January 3, 2013

RSVP – Lead With Experience

By Bill Sedlacek
Retired and Senior Volunteer Program
of Eastern Iowa and Western Illnois

Bill Sedlacek
RSVPs Go-to Guy

A word from the RSVP Director: I hope you’ve enjoyed Bill’s interviews of interesting RSVP members. To me, some of the best parts of his articles are when he sprinkles his own wisdom and wry humor in. He starts his own story with a little wit about how I couldn’t think of anyone else for him to interview, which was sort-of true. However, Bill has volunteered in many interesting and valuable ways using the widely varied repertoire of skills he’s accumulated over the years. Like the 19th century farmer, Bill does it all. Actually, I could think of no more appropriate volunteer to highlight than Bill. He exemplifies how contributing skills and talents to service can make a senior’s life more interesting and enjoyable. With millions of Baby Boomers retiring each year, versatile volunteers like Bill represent a new American Gothic.
– Dave Layton

Dave Layton, the RSVP Director called the other day and said “Bill, I know that there are many fine RSVP folks out there that are unselfish with their time, hardworking and really deserve being recognized in 50+ Lifestyles magazine. But, I can’t come up with any of their names at the moment. Why don’t you just write about yourself instead?” Well, I found it hard to avoid the flattery of being mentioned in the same conversation as “Fine, Unselfish, Hardworking and Deserving,” so I said, “Yes, of course!”

I’m probably like others of you who retired too early, but could not resist the offer of extra cash if I left before full retirement age. “We thought it would be a picnic, didn’t we?” Well, I don’t know about you, but I found that the joy of not having to be somewhere at the same time every day soon faded. Then, I got a part-time job and found it very satisfying. But age reared its ugly head nine years later, and the aches and pains it brought made me realize I needed something less physically demanding.

Looking for something to do in addition to the house repair and improvement chores, I discovered the internet with all that information! Then I discovered the “Fact Checker” sites and wondered about all that “Information.” I became tired of e-mail with “FWD” in the subject. There are only so many pictures of cute puppies and kittens that one can take, and I seriously doubt that the signers of the Declaration of Independence all died under mysterious circumstances. I considered golf as a pastime, but in this climate it is somewhat seasonal. Besides, I could not understand the point of hitting a little ball with a big stick only to look for it and hit it again. If you want to get rid of it, why not just give it one good smack and leave it alone? The talkers on TV and radio who believe things are bad and will get worse unless you follow their political path did not seem worth my time, unless I needed my blood pressure raised.

So, that led me to volunteering, where I found much the same satisfaction that I felt when “Working for Wages” and completing a job that I knew I did well. Right now, I am not doing as much as I should, due to a recent episode of poor health, but I’m better now and will volunteer more and know I will feel better yet as I do more. The kinds of things are not important. What is important is doing something to help others. Usually, the volunteer work is at a non-profit agency that is constantly scrambling to get a mission done within a limited budget. The hours you put in as a volunteer helps them to better help others.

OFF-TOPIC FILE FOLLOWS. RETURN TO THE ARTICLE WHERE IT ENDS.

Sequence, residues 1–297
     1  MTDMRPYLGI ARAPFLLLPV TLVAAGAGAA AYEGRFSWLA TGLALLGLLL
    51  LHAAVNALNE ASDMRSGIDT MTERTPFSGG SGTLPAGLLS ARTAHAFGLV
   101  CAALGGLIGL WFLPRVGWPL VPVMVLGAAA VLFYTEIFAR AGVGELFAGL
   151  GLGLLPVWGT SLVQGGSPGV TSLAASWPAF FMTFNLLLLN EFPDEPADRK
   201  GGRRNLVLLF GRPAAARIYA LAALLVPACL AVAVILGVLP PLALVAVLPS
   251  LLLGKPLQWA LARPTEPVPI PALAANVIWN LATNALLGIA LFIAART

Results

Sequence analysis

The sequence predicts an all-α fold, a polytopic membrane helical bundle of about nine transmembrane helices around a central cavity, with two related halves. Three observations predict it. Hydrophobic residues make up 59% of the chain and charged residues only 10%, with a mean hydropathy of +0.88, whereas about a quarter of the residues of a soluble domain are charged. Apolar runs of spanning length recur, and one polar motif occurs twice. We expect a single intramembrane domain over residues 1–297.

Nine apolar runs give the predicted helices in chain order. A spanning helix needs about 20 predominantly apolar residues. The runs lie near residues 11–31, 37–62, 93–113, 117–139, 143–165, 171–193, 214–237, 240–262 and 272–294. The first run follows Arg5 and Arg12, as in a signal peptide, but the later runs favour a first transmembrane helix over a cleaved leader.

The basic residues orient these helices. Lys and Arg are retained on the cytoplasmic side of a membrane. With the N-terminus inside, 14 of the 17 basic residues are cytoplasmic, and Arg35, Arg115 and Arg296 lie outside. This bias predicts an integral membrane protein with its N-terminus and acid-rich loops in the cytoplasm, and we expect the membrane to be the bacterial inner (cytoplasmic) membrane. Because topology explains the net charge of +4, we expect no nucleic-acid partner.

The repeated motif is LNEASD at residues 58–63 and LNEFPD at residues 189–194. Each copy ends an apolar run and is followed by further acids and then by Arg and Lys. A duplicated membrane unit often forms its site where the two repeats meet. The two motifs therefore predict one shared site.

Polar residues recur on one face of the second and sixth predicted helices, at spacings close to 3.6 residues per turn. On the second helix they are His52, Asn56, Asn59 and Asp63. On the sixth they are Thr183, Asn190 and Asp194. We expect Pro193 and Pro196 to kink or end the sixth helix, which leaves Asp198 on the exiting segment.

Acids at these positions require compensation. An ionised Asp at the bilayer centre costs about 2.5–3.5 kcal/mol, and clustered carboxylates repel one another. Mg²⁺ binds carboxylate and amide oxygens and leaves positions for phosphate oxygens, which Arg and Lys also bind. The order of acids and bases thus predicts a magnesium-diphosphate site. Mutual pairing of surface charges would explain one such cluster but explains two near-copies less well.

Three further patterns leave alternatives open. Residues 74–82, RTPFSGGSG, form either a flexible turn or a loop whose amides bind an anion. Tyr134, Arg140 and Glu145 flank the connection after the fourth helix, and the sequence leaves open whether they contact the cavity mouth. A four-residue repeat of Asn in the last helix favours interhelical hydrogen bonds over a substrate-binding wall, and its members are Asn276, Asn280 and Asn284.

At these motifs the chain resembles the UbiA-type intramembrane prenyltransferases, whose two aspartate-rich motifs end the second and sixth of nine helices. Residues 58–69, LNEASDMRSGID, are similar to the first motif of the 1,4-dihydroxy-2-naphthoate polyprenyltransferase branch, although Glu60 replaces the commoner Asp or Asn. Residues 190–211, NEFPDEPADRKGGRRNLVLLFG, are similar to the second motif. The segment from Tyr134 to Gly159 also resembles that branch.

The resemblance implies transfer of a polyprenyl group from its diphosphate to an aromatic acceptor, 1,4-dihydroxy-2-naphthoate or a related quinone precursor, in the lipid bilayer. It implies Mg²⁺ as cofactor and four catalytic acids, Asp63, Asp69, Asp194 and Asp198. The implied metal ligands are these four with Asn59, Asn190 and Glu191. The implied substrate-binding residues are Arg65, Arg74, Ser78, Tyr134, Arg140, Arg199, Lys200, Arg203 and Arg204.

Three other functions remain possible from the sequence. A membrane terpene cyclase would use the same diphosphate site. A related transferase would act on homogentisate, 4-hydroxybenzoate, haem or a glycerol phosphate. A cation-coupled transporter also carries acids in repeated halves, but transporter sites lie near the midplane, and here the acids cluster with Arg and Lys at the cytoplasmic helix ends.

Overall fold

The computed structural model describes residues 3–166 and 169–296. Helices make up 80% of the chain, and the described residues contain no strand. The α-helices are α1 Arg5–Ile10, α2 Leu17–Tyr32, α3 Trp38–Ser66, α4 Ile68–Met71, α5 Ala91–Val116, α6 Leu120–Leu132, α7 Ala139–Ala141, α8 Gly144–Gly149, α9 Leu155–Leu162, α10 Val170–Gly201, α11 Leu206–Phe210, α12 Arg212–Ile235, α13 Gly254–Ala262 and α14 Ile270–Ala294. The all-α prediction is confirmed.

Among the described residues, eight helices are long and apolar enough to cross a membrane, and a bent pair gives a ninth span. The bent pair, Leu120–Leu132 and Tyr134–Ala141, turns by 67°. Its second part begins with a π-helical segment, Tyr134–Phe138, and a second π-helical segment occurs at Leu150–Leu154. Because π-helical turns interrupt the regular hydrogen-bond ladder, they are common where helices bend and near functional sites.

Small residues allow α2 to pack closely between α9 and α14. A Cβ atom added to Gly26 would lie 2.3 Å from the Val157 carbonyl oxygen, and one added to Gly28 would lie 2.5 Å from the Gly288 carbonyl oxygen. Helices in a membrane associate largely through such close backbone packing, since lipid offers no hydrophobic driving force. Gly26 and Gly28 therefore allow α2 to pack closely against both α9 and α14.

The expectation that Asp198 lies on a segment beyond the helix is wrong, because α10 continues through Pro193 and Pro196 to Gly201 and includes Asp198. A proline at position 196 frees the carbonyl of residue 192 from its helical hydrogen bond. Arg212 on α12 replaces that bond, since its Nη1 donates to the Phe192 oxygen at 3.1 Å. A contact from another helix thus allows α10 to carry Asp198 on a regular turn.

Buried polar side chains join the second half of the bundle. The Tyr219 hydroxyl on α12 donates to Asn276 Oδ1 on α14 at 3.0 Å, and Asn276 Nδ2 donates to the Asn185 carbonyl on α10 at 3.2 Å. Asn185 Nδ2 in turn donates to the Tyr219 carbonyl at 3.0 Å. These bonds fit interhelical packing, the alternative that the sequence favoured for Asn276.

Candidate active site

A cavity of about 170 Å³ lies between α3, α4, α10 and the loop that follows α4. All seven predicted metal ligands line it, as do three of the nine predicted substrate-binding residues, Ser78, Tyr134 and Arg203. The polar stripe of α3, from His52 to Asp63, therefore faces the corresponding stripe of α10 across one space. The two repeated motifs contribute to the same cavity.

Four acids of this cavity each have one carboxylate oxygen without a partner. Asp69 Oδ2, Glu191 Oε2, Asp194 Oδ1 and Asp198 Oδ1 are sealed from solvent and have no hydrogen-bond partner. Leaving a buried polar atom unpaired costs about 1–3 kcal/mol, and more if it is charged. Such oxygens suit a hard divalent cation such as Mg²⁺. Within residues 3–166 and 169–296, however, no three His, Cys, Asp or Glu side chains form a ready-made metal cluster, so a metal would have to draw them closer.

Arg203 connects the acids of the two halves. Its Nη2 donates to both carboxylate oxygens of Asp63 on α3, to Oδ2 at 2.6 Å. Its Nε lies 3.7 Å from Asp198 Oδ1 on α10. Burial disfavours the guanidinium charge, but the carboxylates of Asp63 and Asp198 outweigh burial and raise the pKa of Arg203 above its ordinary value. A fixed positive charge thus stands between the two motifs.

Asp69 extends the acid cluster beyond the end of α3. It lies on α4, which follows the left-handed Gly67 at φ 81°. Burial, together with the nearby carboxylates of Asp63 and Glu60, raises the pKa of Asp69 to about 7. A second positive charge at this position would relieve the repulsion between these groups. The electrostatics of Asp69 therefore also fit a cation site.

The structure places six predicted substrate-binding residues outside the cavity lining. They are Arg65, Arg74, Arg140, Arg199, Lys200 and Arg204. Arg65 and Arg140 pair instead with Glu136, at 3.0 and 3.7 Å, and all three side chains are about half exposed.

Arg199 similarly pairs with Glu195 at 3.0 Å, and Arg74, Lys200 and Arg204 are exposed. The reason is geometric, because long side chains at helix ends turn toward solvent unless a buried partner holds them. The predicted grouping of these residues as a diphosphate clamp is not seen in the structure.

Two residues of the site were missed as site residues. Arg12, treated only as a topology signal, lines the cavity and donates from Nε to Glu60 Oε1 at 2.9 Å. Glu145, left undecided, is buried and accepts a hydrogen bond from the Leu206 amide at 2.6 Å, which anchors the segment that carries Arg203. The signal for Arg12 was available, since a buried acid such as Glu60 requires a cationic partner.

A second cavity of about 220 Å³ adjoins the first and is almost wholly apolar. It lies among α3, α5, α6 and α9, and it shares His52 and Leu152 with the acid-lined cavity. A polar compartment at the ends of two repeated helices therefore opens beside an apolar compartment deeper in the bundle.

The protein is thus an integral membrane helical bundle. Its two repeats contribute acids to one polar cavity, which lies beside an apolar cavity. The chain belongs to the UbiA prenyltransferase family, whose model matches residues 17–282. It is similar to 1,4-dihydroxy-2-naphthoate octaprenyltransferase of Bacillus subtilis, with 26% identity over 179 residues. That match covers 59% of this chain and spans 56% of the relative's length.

To potential volunteers, I offer this advice: “Don’t say you don’t want to work unless you are being paid.” If retired, you are already being paid for breathing. You will get far more from that pension and Social Security than you ever paid into it. If you are able, it’s time to give back. We are all in this together. Don’t give up if you don’t get an immediate assignment. I had to make three trips back to one agency that lost my application twice. In their defense, they were understaffed, and one of the things I did was help with volunteer records so applications would not be lost. RSVP staff are also good for helping to make sure RSVP members get placed.

Some of you without access to a mirror have said, “I don’t like to be around old people.” Some of the volunteer jobs helping them are the most satisfying. If you were in charge of people in your working life, forget that and be prepared to do whatever is needed. Jobs that you once assigned to others can be kind of fun, and the lack of workplace pressure that you once felt can be surprising refreshing.

To the agencies that utilize volunteers, I also offer some advice. We want to feel utilized. When I was working for wages, I appreciated the occasional down time to collect my thoughts. As a volunteer, I want to be busy. If you don’t have something for me, I can go home and pursue a hobby, visit the library or go home and give the wife tips on how to better run the house, and then be told to go visit the library. I have seen instances where the volunteer was idle, and the staff apparently thought they were doing them a favor. This is one way to lose a volunteer. I know you are busy, but view the volunteer as a resource that should be utilized in the most efficient way. It makes the volunteer feel better about their work and more willing to come back. RSVP also works with agencies to help them make sure volunteers are making a positive difference and being recognized for their work.

So, whether you are considering becoming a volunteer or you are a coordinator working with volunteers, RSVP is a valuable resource for you. Contact RSVP staff at (309) 793-4425 or email: rsvp@wiaaa.org.